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March 1, 1998

Goldman Sachs to Become a Mutual-Fund Giant? Major Institutional Firms Need Retail Customers to G

By Staff Reports

Goldman, Sachs & Company, the last privately-owned U.S. blue-blood investment bank, seems to have it all: over-the-counter and listed trading that whips up envy on Wall Street, fixed income, corporate finance and equity derivatives business that dwarf most competitors.

But Goldman is still struggling to catch up in a less glamorous business selling to Joe Sixpacks, the retail customers that could transform Goldman into a serious mutual fund player.

Goldman, however, recently took a major step to reverse its fortunes, hiring Ammirati Puris Lintas, the advertising agency in New York that handles the accounts of Compaq Computer Corporation, the General Motors Corporation and United Parcel Service.

The agency will research Goldman's public image before the firm decides whether to proceed with a major advertising campaign aimed at the general public.

Follow Lead

But it seems increasingly clear that Goldman will follow the lead of other major institutional firms, like the former Morgan Stanley & Co., pitching for retail customer's assets.

"It is a strategic imperative to be a retail player over the next twenty years," said Peter Starr, an industry analyst at Cerulli Associates, a Boston-based consulting firm. "As baby boomers retire in the next two decades, investments will be more retail-oriented."

Goldman currently has about $140 billion in assets under management, $8 billion in mutual funds.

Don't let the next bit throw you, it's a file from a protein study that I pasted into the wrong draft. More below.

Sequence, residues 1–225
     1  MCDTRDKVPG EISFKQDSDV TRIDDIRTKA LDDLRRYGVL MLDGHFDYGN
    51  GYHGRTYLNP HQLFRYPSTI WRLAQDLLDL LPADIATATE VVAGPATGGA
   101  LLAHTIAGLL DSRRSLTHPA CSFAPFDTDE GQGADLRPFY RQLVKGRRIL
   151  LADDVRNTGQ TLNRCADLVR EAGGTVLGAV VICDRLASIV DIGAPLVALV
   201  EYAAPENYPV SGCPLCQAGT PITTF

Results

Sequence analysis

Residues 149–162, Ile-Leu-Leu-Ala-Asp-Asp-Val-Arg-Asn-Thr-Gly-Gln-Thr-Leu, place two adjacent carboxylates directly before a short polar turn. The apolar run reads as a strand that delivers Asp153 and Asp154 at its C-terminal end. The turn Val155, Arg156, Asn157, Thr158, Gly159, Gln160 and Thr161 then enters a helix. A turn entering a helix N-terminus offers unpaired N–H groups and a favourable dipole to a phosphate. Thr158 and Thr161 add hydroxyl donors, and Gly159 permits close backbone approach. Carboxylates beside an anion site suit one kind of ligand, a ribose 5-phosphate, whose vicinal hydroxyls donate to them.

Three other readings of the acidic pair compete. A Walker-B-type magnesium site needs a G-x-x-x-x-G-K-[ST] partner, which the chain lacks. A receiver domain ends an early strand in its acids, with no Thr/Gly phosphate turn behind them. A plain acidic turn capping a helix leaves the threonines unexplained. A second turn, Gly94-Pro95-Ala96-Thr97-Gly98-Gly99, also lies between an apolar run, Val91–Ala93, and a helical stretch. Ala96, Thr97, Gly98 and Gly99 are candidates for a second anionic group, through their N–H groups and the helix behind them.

Last year, both J.P. Morgan & Co. and Morgan Stanley were involved in major deals centered on expanding their retail asset management.

In June, Morgan Stanley completed its much-publicized $10.3 billion merger with retail giant Dean Witter, Discover & Co. The deal united one of Wall Street's top institutional houses, Morgan Stanley, with one of its top retail houses, Dean Witter.

"The Morgan Stanley merger with Dean Witter changed Wall Street's investment dynamics," said Beau Ogden, a merger and acquisition banker at Salomon Smith Barney in New York. "It let firms know they have to diversify to remain successful."

In July, J.P. Morgan purchased a 45-percent interest in Kansas City-based American Century Companies for $900 million. American Century, the fourth-largest no-load U.S. mutual-fund company selling directly to individuals, manages $60 billion in assets in almost 70 mutual funds. J.P. Morgan manages $234 billion in assets, approximately ten percent of which are in mutual funds.

Financial Obstacle

Goldman, however, has one major financial obstacle it does not have publicly-traded stock with which to make the kinds of aggressive acquisitions made by other firms. "I don't think their partners would welcome a retail firm if it meant they had to go public," Starr said. "But they certainly have the capital to make an acquisition without it."

Goldman, which has 200 partners, earned more than $3 billion before taxes for the 12 months ending Nov. 30, an average of $15 million for each partner.

"With firms priced so much higher than their value in this market, I think Goldman would just rather build their own retail base," Starr added.

One clear sign that Goldman is serious about retail investors: It has staffed a full-time, five-person public-relations team, supplementing the work of outside consultant Ed Navotne.

"Goldman has decided to build a retail business rather than buy one," Starr said. "By hiring an advertising firm and building public relations, they are trying to improve their image among retail investors."